TFC’s Altidore accepts his role with good grace


Jozy Altidore in action for Toronto FC. (Jimmy Jeong/CP)

TORONTO—It’s not as though Jozy Altidore has had a poor debut season with Toronto FC, because he hasn’t—not by any stretch of the imagination.

The American forward has scored 10 goals in 22 games (18 as a starter) for the Reds during the 2015 MLS campaign, good enough to rank second in team scoring behind Sebastian Giovinco.

Altidore, 25, has had to deal with injury problems, and U.S. international call-ups along the way. He was also suspended for one game, so in light of some of the issues he’s faced, 10 goals is a pretty good haul.

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Still, there is a sense that Altidore should be producing more for TFC, that he has under-achieved, to a certain degree.

It hasn’t helped matters that coach Greg Vanney has experimented with Altidore in recent weeks, deploying the powerful forward as a right midfielder where he had to fulfill more defensive duties than if he was playing in his natural position up front. Over the course of the campaign, Altidore has been asked to play different roles as TFC has changed formations.

Vanney’s latest tactical move, shifting Altidore to the right side of midfield, baffled fans and pundits.

“Jozy Altidore is your prototypical target forward; big, strong, good in the air and a good finisher inside the box. I think you want to get him as close to goal as you can, and by playing him in wider positions as we’ve seen lately and asking him to support more defensively is not necessarily playing to his strengths,” TV commentator Paul Dolan wrote in a recent blog for

“Playing in different positions has not helped Altidore’s cause as Vanney tries to find the right formation and team lineup to have his best players helping where they are most needed.”

While he openly admits his preference is to play up top, Altidore, to his great credit, has accepted playing out of position with good grace. He also knows that Giovinco is the focal point of TFC’s attack, and if he has to take a lesser role in order to accommodate the Italian, he insists he’s fine with that.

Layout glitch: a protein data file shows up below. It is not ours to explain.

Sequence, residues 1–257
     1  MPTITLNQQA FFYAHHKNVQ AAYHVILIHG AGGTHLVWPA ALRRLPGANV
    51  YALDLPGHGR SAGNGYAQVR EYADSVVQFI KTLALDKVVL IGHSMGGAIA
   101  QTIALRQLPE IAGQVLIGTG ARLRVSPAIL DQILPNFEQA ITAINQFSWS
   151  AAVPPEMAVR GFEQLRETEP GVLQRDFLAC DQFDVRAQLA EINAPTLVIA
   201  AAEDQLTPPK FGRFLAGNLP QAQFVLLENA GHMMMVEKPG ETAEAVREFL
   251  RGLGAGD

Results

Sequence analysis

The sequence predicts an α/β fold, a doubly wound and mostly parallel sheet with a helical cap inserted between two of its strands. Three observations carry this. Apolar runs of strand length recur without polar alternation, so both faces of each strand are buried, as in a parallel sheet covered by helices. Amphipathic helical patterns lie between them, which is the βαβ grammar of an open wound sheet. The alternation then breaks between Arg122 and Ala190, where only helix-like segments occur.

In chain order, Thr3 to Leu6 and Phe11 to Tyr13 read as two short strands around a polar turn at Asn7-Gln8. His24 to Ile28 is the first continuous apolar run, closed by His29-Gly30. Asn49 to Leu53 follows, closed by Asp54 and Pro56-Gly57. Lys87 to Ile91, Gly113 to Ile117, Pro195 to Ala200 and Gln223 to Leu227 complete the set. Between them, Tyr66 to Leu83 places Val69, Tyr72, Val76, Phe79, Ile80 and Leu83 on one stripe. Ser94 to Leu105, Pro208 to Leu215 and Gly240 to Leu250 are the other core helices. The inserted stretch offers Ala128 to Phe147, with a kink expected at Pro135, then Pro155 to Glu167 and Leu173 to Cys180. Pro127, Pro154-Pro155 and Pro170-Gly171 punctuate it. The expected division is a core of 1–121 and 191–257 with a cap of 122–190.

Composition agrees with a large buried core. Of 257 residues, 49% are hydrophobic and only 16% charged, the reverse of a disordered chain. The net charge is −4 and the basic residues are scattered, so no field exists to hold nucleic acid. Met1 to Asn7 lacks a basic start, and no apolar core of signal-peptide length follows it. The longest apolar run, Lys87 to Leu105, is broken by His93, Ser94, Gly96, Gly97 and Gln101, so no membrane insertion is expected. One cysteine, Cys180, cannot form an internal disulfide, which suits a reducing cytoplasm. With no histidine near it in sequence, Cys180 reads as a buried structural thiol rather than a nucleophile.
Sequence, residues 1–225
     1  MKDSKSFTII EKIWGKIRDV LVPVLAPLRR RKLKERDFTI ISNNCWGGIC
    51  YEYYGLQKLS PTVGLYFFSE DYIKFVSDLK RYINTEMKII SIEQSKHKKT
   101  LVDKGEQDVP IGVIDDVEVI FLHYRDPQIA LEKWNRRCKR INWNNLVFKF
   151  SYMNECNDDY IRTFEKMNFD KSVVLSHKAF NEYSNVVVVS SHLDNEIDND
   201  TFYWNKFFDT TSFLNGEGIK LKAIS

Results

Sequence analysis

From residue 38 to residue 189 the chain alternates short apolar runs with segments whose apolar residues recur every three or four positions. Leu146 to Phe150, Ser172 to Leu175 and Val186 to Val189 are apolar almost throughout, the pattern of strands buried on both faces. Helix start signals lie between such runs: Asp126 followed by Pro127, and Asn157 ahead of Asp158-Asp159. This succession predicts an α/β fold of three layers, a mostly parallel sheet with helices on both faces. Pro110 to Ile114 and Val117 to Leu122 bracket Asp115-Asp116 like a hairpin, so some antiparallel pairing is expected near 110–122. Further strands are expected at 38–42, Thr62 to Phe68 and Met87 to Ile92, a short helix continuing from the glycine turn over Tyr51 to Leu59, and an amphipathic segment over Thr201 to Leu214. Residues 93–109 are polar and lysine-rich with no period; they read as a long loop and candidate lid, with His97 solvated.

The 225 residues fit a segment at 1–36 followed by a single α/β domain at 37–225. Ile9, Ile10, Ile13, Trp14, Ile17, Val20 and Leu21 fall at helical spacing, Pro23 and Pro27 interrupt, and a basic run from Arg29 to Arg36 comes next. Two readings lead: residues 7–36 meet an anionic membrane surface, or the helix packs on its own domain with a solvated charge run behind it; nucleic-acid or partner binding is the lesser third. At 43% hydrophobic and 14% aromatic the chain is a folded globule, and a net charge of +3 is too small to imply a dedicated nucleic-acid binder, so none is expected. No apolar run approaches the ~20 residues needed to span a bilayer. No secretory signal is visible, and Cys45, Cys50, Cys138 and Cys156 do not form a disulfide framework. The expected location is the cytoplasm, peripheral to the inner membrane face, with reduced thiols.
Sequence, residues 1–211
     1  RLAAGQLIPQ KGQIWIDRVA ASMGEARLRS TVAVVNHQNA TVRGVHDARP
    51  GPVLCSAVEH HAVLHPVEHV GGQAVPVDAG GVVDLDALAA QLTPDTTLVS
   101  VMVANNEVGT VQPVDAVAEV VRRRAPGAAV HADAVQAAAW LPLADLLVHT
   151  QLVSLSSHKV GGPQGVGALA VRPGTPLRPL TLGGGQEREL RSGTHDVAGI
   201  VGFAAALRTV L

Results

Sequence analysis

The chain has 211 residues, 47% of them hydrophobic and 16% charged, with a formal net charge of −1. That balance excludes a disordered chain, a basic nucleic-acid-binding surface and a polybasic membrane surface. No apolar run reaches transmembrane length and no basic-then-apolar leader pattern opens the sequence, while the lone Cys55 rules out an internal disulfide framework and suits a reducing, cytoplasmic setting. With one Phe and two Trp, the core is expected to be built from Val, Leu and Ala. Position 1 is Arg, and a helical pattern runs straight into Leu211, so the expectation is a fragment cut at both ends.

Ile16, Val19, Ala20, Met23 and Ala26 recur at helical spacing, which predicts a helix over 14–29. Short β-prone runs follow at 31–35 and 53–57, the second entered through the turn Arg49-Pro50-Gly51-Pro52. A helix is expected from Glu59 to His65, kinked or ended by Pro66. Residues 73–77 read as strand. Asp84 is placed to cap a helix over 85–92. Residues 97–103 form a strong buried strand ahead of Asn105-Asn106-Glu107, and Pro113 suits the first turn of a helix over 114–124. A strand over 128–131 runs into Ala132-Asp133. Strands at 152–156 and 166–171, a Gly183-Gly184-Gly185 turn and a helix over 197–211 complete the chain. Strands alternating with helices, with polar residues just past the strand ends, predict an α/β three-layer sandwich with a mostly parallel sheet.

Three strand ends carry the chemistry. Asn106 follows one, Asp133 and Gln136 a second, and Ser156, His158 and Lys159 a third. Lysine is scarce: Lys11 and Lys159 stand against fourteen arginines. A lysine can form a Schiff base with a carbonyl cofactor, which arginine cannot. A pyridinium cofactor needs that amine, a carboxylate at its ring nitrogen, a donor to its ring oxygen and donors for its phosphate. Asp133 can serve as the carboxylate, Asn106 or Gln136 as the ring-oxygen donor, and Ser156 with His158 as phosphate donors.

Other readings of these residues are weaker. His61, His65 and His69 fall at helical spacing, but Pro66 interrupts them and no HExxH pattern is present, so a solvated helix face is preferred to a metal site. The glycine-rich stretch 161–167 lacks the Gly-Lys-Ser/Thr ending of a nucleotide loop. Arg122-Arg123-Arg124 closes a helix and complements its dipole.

“Within a team you have to find a way to try and contribute. In our team, the way we play, our catalyst is Seba. Obviously one person doesn’t make the team but I think we all have to buy into the fact that when we can get the best out of him we can get the best out of our team. That’s why he’s shown, for me, he’s the MVP. For me, for everybody, we concentrate on that,” Altidore explained.

Regardless of where he plays or however he’s deployed by TFC, Altidore is keen to contribute in any way he can. He gets the “team” concept.

“Whatever position or role you’re in, you have to buy into that and make sure you give something to the team. If not, you don’t understand the concept about being (part of) something bigger than yourself,” Altidore said.

The idea of a Giovinco-Altidore partnership looked promising early on, especially after the Italian set up his American teammate with a great pass in Toronto’s win over the Vancouver Whitecaps in the opening game of the season.

Since then, the two haven’t been able to forge “a strong playing relationship on the pitch,” according to Dolan.

It’s an assessment with which Vanney agrees, and maybe that’s why TFC’s coach shifted Altidore back to the forward position in this past weekend’s 3-1 home win over the Colorado Rapids.

“I think it’s better. It’s better in that they’re closer together. Jozy is natural a forward; that’s what he is. It’s good when they combined a little bit more. I think we can still push them to find each other some more at times,” Vaney explained.

“It’s a balance between the team and the team defending effort, plus the team and the attacking effort and making sure we’re a good balanced unit on both sides of the ball. When they’re close to each anther and they’re building attacks … we’re a dangerous team, and that was proven over the course of (last) weekend.”

With five matches left in the regular season (four a home), Toronto sits fifth in the Eastern Conference and looks poised to finally clinch its first playoff berth in franchise history. Altidore won a Dutch Cup title during his time playing with AZ Alkmaar, so the pressure of a tight playoff race in MLS doesn’t intimidate him—quite the opposite, actually.

“It’s exciting. Everybody starts to look around and understand its getting real now. There’s something to play for—there’s a trophy at the end of this. I’ve been lucky; I’ve won a trophy. It’s an amazing feeling. I hope we can experience that all together here,” Altidore offered.

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